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Deploying with Cloud Run on Google Cloud Platform

Part 4 of a 6 Part Series on Deploying on Google Cloud Platform

We recently did five mock deployments on Google Cloud Platform using different methods in an effort to understand the nuances associated with each method.

The five methods we investigated were:

We will be examining each of the 5 approaches over the coming weeks and wrap it all up with an article that talks about our findings in the context of all five approaches.

For our fourth article in the series we will be deploying an application on Google Cloud Platform using Cloud Run.

Cloud Run Approach

Cloud Run is the “Container to Production in seconds” solution that Google Cloud Platform offers. It allows users to deploy and run request-serving containers, or even small jobs to a fully managed, serverless platform .

Cloud Run integrates very well with other GCP services like Cloud Build and Artifact Registry. Its pricing model is very simple. The user pays for the time their code is running, rounding down to 100ms.

Cloud Run uses a Docker image as its smallest unit of deployment, which simplifies the developer experience. It also scales indefinitely depending on the number of requests received, which makes it a reliable solution.

Additionally, developers can use any programming language they want since Cloud Run works with Docker containers instead of language runtimes.

When to use Cloud Run

Cloud Run is a good solution for serverless applications written in pretty much any language.

It leverages the flexibility of Docker containers while incorporating some really interesting features like automatic application scaling. This makes it a good option for running microservices, as long as the user doesn’t need node allocation and networking features.

Cloud Run is also a good option for organizations that could benefit from the pricing flexibility of serverless applications.

How we implemented it

For this solution we have used a terraform project that declares the following resources:

  • A VPC with a subnet for connecting Redis and CloudRun
  • A Redis instance to store data
  • A CloudRun service that runs the application

The project contains a simple Counter Application consuming a Redis Memory Store.

Main Components

Redis Here is the Terraform block declaring the Redis instance.

Plain Text
resource "google_redis_instance" "data" {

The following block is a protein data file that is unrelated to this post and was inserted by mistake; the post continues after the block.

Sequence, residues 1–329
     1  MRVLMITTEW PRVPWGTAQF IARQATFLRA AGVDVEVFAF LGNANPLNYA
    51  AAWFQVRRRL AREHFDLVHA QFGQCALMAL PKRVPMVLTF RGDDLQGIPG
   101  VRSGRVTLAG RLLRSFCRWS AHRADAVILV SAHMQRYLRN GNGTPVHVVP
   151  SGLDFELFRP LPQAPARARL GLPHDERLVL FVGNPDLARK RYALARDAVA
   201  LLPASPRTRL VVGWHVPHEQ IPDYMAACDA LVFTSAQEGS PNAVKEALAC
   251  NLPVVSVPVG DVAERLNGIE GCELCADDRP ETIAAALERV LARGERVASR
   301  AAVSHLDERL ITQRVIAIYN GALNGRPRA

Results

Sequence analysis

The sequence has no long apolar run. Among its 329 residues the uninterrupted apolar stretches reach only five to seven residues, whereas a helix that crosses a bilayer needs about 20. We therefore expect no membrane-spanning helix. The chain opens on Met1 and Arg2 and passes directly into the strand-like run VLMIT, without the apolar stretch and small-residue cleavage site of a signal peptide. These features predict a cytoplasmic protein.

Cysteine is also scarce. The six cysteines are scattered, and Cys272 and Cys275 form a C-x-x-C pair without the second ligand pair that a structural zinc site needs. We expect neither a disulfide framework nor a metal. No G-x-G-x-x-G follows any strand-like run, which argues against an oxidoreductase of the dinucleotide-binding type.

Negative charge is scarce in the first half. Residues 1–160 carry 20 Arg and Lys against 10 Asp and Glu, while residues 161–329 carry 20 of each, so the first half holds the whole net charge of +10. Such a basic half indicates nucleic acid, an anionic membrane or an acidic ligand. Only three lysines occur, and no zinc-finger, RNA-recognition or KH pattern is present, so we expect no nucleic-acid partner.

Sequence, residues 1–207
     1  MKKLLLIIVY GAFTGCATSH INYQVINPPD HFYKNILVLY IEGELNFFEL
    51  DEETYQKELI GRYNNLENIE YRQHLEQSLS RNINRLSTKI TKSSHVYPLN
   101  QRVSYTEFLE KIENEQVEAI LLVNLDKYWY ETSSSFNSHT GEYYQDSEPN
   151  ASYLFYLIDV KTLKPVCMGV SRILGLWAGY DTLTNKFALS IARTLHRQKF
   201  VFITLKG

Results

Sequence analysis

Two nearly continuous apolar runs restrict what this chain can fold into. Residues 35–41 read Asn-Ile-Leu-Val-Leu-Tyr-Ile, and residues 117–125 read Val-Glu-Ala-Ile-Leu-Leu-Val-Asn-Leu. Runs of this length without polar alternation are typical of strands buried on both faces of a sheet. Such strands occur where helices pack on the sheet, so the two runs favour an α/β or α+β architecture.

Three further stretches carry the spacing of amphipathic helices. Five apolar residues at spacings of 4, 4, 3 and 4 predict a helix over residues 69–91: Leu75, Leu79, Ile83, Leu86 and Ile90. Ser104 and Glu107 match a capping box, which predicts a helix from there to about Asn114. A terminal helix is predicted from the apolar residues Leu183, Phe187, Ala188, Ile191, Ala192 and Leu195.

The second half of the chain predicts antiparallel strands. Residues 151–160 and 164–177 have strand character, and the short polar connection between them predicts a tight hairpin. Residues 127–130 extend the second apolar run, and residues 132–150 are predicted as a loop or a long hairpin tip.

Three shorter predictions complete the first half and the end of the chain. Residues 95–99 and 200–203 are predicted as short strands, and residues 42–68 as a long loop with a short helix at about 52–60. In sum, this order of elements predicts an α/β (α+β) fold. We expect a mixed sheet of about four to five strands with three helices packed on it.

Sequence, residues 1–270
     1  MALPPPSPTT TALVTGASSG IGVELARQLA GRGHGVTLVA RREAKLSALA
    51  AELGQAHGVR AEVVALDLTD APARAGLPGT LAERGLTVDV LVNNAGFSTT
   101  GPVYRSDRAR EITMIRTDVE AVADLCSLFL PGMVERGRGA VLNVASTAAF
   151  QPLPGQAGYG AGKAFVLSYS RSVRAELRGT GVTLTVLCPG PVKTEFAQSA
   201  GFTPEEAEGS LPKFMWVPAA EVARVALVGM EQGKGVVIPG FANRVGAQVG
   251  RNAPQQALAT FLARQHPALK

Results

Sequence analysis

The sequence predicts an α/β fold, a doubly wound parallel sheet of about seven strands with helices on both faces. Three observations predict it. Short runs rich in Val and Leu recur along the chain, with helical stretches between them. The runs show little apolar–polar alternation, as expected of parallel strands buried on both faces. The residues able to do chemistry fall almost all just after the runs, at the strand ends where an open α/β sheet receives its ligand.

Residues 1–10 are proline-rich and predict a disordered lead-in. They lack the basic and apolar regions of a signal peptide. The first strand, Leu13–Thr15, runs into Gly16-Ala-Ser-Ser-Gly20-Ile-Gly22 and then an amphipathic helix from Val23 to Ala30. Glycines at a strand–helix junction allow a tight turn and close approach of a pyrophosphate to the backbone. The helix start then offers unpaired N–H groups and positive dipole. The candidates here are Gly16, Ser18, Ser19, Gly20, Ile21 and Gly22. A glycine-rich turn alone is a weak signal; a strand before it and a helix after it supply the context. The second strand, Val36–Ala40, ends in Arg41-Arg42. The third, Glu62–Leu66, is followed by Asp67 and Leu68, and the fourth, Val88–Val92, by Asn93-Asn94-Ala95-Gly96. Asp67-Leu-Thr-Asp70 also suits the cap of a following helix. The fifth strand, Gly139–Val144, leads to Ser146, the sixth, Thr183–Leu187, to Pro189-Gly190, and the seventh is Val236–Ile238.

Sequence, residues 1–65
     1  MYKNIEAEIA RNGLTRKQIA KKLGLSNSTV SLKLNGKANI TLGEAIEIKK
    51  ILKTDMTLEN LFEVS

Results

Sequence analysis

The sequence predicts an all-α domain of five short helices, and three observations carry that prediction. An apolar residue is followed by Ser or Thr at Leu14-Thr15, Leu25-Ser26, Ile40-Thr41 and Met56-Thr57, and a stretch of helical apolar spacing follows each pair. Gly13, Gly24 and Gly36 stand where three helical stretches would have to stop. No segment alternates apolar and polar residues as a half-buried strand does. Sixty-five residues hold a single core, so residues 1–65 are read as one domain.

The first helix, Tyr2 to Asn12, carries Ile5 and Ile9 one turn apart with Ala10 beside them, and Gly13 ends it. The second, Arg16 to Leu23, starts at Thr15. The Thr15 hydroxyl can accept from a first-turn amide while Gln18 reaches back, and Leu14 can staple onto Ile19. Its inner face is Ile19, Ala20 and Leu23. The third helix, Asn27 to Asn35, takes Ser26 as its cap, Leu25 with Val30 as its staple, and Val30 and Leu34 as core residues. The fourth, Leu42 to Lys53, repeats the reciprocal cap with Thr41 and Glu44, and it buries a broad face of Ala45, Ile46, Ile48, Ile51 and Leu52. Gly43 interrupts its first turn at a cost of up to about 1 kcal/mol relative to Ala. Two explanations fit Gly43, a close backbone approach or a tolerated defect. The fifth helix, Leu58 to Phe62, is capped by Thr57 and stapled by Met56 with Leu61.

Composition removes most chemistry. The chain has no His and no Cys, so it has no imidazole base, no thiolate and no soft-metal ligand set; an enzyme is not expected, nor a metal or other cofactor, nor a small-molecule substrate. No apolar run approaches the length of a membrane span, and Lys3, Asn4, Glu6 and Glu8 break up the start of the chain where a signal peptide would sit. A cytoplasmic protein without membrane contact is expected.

name               = "${var.app_name}-redis"
 region             = var.region
 tier               = "BASIC"
 memory_size_gb     = var.regis_memory_size_gb
 authorized_network =
 connect_mode       = "PRIVATE_SERVICE_ACCESS"

Connector Here we declare the connector that will be used to allow the application to access the Redis instance.

Plain Text
resource "google_vpc_access_connector" "connector" {
 provider      = google-beta
 name          = "${var.app_name}-vpc-conn"
 region        = var.region
 project       = var.project_id
 subnet {
   name =

CloudRun Service In the CloudRun Service we set parameters like region, image, and the application environment variables among other details.

Plain Text
resource "google_cloud_run_service" "app" {
 provider = google-beta
 name     = var.app_name
 location = var.region
 template {
   spec {
     containers {
       image = local.app_image
       env {
         name  = "REDIS_ADDR"
         value = "${}:${}"
       ports {
         name           = "http1"
         container_port = "8080"
   metadata {
     annotations = {
       ""    = "all-traffic"
       ""        = var.min_scale
       ""        = var.max_scale
       "" =

Other components The complete solution with other components can be found in our repository:

Pros and cons

Pros Cons
“Container to production in seconds,” and Google really means it Some events available for Cloud Functions are not available in Cloud Run (like Firestore)
Simple and unified developer experience, each service implemented by a Docker image Not very useful for applications with background tasks
Scalable serverless execution based on number of requests received It can add complexity to the application, making the architecture harder to understand
Support for code written in any language, thanks to Docker
Can be integrated into GKE clusters using Anthos
Simple pricing model, you pay for the time your code is running

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